Special Ed Rates Above State Averages at Siuslaw

April 7, 2014 10:51 pm News

7 April 2014

Coast Radio News

Local News

Special Ed Rate at Siuslaw Higher Than State

The number of students in special education classes increased by less than one-percent from a year ago in Oregon schools.

State figures released last week show just over 86-thousand students in special ed programs… that’s 13.3 percent of the overall student population… a rate unchanged in recent years.

At the Siuslaw School District there were 1,366 students in all grades as of last month according to Special Programs Director Ethel Angal who added the number of special ed kids is above the state average.

Ethel Angal – “We have a 191 which is 13.9% of the students in our district.”

Meanwhile, the growth in the number of children in special education because they were diagnosed with autism has slowed.  After years of annual increase of three-percent or more, the number in Oregon rose by one-and-a-half percent last year.  In Florence, that rate is also above the state average.

Ethel Angal – “2% of the students in our district are students diagnosed with autism.  The growth may have decreased in Oregon overall, but we have not seen a decrease in our district yet.”

Federal law requires all children with disabilities receive a free public education and special services to meet their needs.  Students with special needs cost more to educate.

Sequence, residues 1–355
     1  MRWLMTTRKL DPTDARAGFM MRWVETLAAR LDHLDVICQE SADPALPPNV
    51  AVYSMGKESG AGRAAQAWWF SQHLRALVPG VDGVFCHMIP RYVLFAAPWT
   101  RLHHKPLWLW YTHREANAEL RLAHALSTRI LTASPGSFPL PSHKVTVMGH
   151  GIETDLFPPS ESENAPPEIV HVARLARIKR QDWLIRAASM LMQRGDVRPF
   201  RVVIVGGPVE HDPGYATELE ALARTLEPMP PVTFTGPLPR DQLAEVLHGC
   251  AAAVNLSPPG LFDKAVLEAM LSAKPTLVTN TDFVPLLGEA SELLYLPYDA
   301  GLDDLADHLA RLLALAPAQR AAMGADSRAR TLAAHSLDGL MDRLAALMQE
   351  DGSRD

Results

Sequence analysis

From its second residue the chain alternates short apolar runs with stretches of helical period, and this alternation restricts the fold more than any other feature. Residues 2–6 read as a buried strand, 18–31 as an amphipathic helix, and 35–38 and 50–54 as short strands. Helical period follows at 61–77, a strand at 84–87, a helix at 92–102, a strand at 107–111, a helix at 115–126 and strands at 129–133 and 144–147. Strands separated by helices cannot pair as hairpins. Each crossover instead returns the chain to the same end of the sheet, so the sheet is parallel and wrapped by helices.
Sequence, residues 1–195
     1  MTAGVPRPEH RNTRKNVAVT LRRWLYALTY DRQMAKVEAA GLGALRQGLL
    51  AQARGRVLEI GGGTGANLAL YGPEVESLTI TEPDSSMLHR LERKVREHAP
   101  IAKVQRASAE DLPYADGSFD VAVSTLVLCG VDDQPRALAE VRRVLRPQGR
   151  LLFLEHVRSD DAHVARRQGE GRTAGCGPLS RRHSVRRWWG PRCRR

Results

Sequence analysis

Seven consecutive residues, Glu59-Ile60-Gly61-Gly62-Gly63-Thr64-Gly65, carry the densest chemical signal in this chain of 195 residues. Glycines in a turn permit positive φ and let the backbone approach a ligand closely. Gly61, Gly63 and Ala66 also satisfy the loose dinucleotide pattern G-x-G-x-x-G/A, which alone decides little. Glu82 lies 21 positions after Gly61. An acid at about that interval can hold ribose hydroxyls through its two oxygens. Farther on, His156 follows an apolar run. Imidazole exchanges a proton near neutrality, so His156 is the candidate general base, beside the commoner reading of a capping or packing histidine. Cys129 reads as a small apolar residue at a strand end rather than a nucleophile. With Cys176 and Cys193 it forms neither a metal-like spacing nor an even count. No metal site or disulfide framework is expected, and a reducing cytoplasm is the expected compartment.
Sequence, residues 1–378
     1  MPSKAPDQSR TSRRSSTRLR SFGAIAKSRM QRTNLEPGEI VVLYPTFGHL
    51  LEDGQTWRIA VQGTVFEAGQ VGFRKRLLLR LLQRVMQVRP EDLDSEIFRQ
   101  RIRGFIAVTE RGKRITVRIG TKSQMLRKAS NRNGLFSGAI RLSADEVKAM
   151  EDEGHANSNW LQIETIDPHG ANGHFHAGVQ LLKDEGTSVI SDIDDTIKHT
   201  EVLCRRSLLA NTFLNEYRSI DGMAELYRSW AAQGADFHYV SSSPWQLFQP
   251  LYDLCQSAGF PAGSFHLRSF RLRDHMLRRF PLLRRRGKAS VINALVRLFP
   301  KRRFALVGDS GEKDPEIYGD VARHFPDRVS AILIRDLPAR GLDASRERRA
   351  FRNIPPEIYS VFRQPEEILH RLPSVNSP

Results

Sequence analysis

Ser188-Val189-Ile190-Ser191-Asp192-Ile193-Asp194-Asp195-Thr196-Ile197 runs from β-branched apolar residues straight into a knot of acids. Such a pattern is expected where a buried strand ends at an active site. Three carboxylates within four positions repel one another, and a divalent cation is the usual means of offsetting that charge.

Foreclosure Decision Sought

An unpaid assessment for street and utility improvements in the north end of Florence could remain that way… at least for now.

The Florence City Council will decide this evening whether or not to pay delinquent property taxes on behalf of the owner of a parcel north of Munsel Lake Road… or allow the property to go into foreclosure.

The land, owned by Glen and Ellona Seifert, makes up about 50-percent of the original Spruce Street Local Improvement District and, according to a report filed this week by City Manager Jacque Betz, the city is trying to find the best way to retain their interest in collecting.

Betz said it appears the best alternative is to allow the Lane County Foreclosure to run its course, then seek repayment from the county.  The alternative would be to pay the entire tax bill owed… about $74-thousand… and then go through the foreclosure process and possibly take ownership of the property.

Either way, Betz said there is relatively little chance the city could recoup all of the more than $800-thousand in unpaid assessments.

New Titles and Duties at News

Several title changes were announced last week at the Siuslaw News.  John Bartlett will remain as publisher, but he will also assume the role of “division manager” with the paper’s owner, News Media.  That means Bartlett will be overseeing operations at a total of 12 locations in Oregon and California.

Assuming the role of General Manager at the Siuslaw News will be Jenna Bartlett.  She has been with the Siuslaw News for four years, 9-years with News Media and 18 years in the industry.

Sales Manager Susan Gutierrez will also see an expansion in her duties as Advertising Director.

Marine Science Day

The 25th anniversary of the establishment of the nation’s first experimental station dedicated to marine sciences is coming up this week.  In 1989 the Coastal Oregon Marine Experiment Station… or COMES… was established at the Hatfield Marine Science Center in Newport with an auxiliary location in Astoria.

To celebrate that event the center in Newport will be hosting Marine Science Day this Saturday.  The open house will run from ten AM to four PM and will feature two different educational sessions… one on seals and sea lions; the other called “the Food Chain of Fisheries Research”.

Access to the Hatfield Marine Science Center next to the Oregon Coast Aquarium is always free…

 

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